New Zealand shares rose as earnings updates from local firms and US tech companies outweighed data showing a record quarterly contraction for the US economy. Mainfreight hit an all-time high.
The S&P/NZX 50 Index advanced 35.61 points, or 0.3 percent, to 11,727.63. Within the index, 20 stocks rose, 22 fell, and eight were unchanged. Turnover was $155.9 million.
The slump in the world's biggest economy put investors on edge, as they weigh up tepid US activity for the broader economy. However, the local market managed to shake that off with optimistic trading updates from global logistics firm Mainfreight and rental campervan operator Tourism Holdings. Better than expected earnings from Facebook, Amazon, Apple and Google's parent, Alphabet, also soothed some of the fears over the 32.9 per cent annualised slump in US gross domestic product in the June quarter.
"We are seeing some of the companies that have quietly been getting on with it really performing well today," Shane Solly, portfolio manager at Harbour Asset Management said.
Mainfreight shares hit a record $46.95 in early trading following a strong trading update and upbeat annual meeting yesterday. The shares rose 7.6 per cent to a record close $46.90, and are up 10.5 per cent so far this year, valuing the business at $4.27 billion.
Jarden analysts said the result was "remarkable" and upgraded their forecast for net profit in the March 2021 year by 25 per cent, due to increasing revenue in Australia and NZ.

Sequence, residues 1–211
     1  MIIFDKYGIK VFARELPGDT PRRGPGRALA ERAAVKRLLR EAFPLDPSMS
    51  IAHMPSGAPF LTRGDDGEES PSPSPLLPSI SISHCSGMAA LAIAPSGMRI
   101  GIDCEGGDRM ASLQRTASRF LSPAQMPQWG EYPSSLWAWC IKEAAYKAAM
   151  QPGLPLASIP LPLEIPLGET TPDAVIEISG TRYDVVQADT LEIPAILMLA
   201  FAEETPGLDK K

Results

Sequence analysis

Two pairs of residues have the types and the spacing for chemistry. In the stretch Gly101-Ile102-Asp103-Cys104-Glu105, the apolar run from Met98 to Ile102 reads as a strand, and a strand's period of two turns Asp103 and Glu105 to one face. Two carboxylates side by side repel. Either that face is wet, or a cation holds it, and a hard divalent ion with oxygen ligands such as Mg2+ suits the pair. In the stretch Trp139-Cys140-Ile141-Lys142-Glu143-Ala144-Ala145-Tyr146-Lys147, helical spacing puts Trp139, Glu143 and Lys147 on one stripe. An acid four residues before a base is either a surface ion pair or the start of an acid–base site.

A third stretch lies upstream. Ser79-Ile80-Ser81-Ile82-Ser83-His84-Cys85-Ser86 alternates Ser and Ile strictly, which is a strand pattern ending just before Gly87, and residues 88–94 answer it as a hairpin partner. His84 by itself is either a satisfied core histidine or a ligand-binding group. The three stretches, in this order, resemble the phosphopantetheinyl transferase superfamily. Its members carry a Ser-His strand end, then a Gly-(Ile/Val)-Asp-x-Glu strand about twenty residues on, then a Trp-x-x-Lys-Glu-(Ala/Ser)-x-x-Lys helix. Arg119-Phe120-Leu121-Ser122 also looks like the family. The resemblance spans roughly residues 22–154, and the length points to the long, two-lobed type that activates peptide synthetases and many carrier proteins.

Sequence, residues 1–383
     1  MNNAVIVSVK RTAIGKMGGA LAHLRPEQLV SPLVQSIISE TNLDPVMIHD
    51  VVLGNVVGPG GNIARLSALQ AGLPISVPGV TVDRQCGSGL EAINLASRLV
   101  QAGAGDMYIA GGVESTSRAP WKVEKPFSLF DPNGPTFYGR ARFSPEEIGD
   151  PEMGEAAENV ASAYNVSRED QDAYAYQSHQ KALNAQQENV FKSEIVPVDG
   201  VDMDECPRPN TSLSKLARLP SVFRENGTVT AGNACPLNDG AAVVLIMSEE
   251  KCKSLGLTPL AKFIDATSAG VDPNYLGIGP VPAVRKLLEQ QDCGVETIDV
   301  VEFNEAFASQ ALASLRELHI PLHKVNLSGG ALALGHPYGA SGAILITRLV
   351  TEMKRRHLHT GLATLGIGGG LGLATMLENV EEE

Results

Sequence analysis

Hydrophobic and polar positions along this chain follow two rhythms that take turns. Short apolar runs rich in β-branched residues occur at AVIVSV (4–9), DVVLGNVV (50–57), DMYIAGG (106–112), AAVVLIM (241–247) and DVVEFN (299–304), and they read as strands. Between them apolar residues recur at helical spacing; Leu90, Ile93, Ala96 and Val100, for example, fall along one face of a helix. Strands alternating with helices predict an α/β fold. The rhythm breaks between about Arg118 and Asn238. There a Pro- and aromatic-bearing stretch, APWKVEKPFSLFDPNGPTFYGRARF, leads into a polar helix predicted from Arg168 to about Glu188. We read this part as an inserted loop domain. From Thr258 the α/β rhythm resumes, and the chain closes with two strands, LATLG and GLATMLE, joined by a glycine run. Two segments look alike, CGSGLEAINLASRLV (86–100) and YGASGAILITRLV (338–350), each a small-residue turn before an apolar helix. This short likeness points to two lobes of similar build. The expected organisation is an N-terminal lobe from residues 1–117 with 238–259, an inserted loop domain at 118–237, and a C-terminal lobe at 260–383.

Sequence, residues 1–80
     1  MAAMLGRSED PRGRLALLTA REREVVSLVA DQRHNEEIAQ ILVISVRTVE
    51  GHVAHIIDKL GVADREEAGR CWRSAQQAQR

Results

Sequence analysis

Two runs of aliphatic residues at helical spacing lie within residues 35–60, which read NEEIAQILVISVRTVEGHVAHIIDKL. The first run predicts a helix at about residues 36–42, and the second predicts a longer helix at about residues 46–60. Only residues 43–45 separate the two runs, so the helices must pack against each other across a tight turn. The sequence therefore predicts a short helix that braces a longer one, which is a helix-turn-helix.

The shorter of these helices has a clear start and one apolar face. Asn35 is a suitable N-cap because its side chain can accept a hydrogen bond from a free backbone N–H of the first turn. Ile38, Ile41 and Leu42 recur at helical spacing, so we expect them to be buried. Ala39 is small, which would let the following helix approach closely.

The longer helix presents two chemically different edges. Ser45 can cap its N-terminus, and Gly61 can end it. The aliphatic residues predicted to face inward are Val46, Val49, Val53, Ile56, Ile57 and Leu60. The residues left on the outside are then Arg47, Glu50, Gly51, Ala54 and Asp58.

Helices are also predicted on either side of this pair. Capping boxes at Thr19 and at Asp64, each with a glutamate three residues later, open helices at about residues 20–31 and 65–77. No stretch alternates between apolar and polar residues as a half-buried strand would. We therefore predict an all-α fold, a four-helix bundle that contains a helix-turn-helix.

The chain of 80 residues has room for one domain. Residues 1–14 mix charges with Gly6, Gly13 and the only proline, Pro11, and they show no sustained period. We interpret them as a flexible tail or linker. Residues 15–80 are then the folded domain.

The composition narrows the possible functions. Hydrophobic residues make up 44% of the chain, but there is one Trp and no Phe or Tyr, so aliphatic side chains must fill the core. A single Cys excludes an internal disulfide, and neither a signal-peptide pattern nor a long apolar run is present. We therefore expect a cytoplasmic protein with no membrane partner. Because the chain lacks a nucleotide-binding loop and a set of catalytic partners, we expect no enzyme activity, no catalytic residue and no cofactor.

Tourism Holdings led the market higher, jumping 9.9 per cent to $1.88 after it released a framework outline for its plan to stay cashflow positive while operating in a fully domestic environment for the 2021 financial year. The stock had been in decline since it reached $2.40 in early June when recovering from a sharp slump in March.
The campervan rental company plans to shrink its fleet by 30 per cent to keep cash in the coffers.
"That was a bit of a surprise, investors have been anticipating them to continue to see tough times and potentially have to raise new equity capital," Solly said. "Being cashflow positive in 2021 means they might not have to do that."
Fran O'Sullivan: Business needs Jacinda Ardern to use trust wisely
Banks' covid-related provisions likely much smaller in June quarter
Blogger's home detention for 'hate-filled' posts ends after appeal win
Auckland International Airport rose 2.6 per cent to $6.38 and Air New Zealand increased 0.8 per cent to $1.34.
Genesis Energy advanced 2.7 per cent to $2.91, Meridian Energy gained 1.5 per cent at $4.86 and Mercury NZ was up 1 per cent to $4.67.
Fisher & Paykel Healthcare increased 1.3 per cent to $36. Meanwhile, A2 Milk Company fell 3.1 per cent to $20.84, following a wider decline on Australia's S&P/ASX 200 Index.
Vista Group International posted the day's biggest decline, down 4.5 per cent at $1.28 and SkyCity Entertainment Group fell 3.1 per cent to $2.49.
The Australian banks dropped, giving back some of yesterday's gains. Australia & New Zealand Banking Group fell 1.5 per cent to $19.50 and Westpac Banking Corp fell 2.9 per cent to $18.46